My baby sister, big brother and myself touched down in Kuala Lumpur on the 10th of October, 2014.

Yes, I have some travel companions for the next few weeks, unlike my last trip. It was nice to have company for the long journey out of Australia. This is thebeginning of an extremely tightly budgeted trip around Malaysia, so let’s see how it all works out.

My expectations of Kuala Lumpur where somewhat superseeded having visited other Asian cities such as Saigon previously. An 80 Rm Taxi ride of an hours length took us through the kms of palm plantations and past the outer suburbs of KL. Surprisingly the traffic on the roads here are rather ‘tame’ compared to what i was expecting. Our driver occasionally found the middle of his lane and even his indicator a handfull of times. We were all surprised he could see anything at all given the advertisement stickers and electronic gadgets covering his windscreen. Thankfully we got to our hostel, Reggae Guest House, safely.

Staying in China Town has its perks. Very centrally located, cheap hawker markets, street food, cheap restorans and easily accessible public transport are of advantage to this area. It was evident it was the right area for people backpacking Kuala Lumpur on a budget. Our hostel was situated just a few meters from the famous Petaling street, which is a street filled with Chinese culture and hawker stalls. At night it is a fabulous street to walk down. Absorbing the aromas of the food, the sights of the chinese lanterns lighting the walkway and the hustle of the stall holders and tourists is quite an experience. Once is enough however, for me anyway. Many cheap eats which appear to have decent sanitation were in the area. Meals for around 3 dollars were common and even down to about 1.50 but the newbies (bro and sis) are a bit paranoid about getting sick from  such cheap places, understandably. The food is sometimes sitting on trays on the footpath already cooked, which with the heat is not a great combination. Just walking past some places you are hit with a rotten Fish stench which is rather off putting. Having said that, the majority of food here smells delicious and the combination of cultures (malay, indian and chinese) gives a huge selection.

On our first day in KL we set out looking for some food just about 3 blocks away, but ended up walking probably almost 10km! Bukit Bintang was the suburb we ended up in, well the air conditioned shopping centre anyway. The Shopping centre was massive. 2 floors in we noticed a rollercoaster which wound and loped through the remaining 8 or so floors. It turned out to be a small theme park inside the mall. That is certainly something we don’t get in Tasmania. Unfortunately i was way too tired and we decided it would be better to go on the rollercoaster in a few weeks when we are back in KL. This shopping mall seemed to belong to me… There was a shop selling sweets called ‘bb kiddo’ and another one selling dried fruit and sweets called ‘eddibee’ – what are the odds of that! All of the clothing is very cheap, ranging from less than 5 dollars upwards and the fashion isn’t as hideous as i excpected so I might be able to afford a few new pieces.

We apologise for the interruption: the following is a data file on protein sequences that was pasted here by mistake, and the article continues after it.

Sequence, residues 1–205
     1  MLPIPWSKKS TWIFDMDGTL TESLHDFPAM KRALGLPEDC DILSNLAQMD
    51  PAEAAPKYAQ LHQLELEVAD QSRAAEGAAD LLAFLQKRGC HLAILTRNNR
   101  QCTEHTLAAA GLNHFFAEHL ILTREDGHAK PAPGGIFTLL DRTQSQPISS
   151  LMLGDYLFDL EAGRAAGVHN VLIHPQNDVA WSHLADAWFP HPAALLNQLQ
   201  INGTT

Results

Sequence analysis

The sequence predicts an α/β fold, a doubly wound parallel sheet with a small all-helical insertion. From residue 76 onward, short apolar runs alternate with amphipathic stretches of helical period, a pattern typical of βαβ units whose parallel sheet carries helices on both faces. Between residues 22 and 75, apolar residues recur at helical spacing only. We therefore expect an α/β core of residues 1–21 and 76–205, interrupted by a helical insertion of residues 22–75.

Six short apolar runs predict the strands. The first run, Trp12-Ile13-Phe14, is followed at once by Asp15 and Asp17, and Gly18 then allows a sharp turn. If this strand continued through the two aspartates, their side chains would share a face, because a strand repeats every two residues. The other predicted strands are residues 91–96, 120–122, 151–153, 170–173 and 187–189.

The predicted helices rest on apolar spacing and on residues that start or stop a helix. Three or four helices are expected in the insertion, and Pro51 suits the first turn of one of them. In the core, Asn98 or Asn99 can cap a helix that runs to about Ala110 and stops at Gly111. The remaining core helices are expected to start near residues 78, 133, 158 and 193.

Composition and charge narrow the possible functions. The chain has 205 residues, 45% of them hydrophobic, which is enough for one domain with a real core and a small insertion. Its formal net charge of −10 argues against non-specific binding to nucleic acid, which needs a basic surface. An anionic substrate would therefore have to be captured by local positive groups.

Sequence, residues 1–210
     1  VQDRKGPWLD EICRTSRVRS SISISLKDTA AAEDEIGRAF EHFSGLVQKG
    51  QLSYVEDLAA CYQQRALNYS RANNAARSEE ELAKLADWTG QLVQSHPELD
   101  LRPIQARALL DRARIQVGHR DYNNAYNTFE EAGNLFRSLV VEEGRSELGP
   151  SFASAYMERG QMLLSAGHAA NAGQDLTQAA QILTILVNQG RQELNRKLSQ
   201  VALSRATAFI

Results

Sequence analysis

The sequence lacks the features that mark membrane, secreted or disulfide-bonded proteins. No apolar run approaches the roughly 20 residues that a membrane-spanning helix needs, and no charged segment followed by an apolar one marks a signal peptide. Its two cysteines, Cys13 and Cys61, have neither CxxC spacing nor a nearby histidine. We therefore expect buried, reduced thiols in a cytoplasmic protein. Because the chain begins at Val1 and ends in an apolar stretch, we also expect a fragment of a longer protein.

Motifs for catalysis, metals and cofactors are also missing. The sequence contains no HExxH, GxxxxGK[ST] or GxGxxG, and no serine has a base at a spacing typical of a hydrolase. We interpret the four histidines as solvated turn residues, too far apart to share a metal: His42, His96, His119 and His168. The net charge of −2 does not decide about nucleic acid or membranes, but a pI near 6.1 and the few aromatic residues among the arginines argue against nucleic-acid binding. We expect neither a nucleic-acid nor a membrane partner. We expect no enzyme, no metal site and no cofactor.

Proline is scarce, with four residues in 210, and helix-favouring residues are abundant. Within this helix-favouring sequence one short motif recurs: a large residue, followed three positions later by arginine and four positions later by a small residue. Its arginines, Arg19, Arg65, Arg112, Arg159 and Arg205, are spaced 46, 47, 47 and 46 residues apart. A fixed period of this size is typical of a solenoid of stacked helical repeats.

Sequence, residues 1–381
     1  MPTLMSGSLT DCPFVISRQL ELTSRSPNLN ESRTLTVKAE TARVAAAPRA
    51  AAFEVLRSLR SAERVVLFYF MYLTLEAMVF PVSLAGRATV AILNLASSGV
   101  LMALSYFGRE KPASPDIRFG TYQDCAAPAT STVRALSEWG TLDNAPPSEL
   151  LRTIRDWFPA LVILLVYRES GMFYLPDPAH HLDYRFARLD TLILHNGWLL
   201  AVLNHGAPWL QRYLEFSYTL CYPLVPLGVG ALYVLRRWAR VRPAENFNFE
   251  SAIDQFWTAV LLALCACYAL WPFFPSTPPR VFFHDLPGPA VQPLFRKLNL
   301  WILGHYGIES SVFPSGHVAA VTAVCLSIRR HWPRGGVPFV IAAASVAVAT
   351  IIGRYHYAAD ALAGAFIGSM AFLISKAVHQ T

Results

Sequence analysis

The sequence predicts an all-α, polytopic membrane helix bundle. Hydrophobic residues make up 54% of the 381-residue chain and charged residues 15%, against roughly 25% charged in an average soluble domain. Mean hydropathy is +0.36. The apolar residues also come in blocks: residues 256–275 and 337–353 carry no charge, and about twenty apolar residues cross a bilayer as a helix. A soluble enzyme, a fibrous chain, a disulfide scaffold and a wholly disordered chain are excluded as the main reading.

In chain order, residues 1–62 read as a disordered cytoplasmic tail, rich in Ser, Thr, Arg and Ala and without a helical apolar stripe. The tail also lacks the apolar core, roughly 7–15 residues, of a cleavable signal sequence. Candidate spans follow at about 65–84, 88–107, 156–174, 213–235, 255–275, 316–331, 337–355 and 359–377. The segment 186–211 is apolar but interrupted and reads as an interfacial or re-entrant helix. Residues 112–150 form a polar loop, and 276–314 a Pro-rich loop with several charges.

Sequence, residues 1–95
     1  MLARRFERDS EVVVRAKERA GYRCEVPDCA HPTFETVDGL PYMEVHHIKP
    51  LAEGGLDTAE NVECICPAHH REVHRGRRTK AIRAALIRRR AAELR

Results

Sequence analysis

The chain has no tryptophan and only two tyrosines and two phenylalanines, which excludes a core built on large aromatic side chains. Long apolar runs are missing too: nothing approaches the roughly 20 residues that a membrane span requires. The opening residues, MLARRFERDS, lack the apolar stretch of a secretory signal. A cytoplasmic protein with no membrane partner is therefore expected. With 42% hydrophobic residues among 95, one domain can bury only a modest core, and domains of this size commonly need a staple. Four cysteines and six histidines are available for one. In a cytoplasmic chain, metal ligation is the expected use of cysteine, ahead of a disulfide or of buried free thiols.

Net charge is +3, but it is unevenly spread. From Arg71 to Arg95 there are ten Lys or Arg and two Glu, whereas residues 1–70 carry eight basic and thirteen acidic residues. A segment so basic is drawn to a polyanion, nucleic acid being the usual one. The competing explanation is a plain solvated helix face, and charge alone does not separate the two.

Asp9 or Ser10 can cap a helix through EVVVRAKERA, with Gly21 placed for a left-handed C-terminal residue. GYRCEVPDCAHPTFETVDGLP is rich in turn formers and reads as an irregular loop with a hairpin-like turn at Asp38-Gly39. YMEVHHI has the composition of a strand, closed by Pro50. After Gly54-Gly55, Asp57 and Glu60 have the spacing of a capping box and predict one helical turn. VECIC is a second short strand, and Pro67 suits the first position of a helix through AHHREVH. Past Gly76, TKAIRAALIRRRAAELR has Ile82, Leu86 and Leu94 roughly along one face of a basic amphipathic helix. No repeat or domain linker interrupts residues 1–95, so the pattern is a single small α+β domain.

Our first proper Malaysian meal was from a small restoran in China Town called the Happy Frog. Thankfully frog wasn’t on the menu, but we did get some delicious Malaysian chicken  fried rice, cold chicken curry and another Malaysian rice noodle dish which was a bit tastless (the name has escaped us). It was all very reasonably priced at around 7-10 ringit per meal (about 2.50 to 3 dollars). This seems to be the usual pricing for local meals which is as amazing as the food is.

Day 2 in KL consisted of a lot of walking. A piece of white toast kick started  the day (one disadvantage of cheap hostels and backpacking Kuala Lumpur) followed by a walk to the central market. Some how we missed the market and ended up probably kilometres away at a garden at the base of KL Tower. This park was a lucky find. A steep set of steps winds up the hillside to a rundown fitness park followed by some rest spots underneath the Tower and some nature parks. KL Tower was so commercialised so it came with a hefty price of admission, hence I opted to only observe the 335 metre pole from below. 99 RM is under 40 dollars, but we all decided spending the money on the Petronas Towers would be preferable (89RM). Since we were so close to the Petronas twin towers we could see in the distance, we took a 10 minute walk there. Apparently you have to book a tour to go up the towers, so unfortunately our lack of planning didn’t turn out so well here.  A taxi ride to the hostel won over waiting a few hours for the next available tour. Google distance tracker says we walked over 10km today, which isn’t bad when we planned to walk less than 1km originally! It is strange to look at how walking distances are perceived so different when you don’t have a car compared to when at home with a car.

Petaling Street, China Town market gave a few bargains to us that evening. Ed bought a fake CK watch for just 3 dollars!! While some stuff is cheap, some stalls see 2 white girls walking towards them and try to charge ridiculous prices. For example, fake Raybans for 30 dollars, what a joke.

It will be nice to leave KL and its grey, hazy skies behind and head to Penang which apparently is more cultural, nicer weather and more appealing to the backpacker.

Early rise the next day for an 8:30 bus ride to Penang.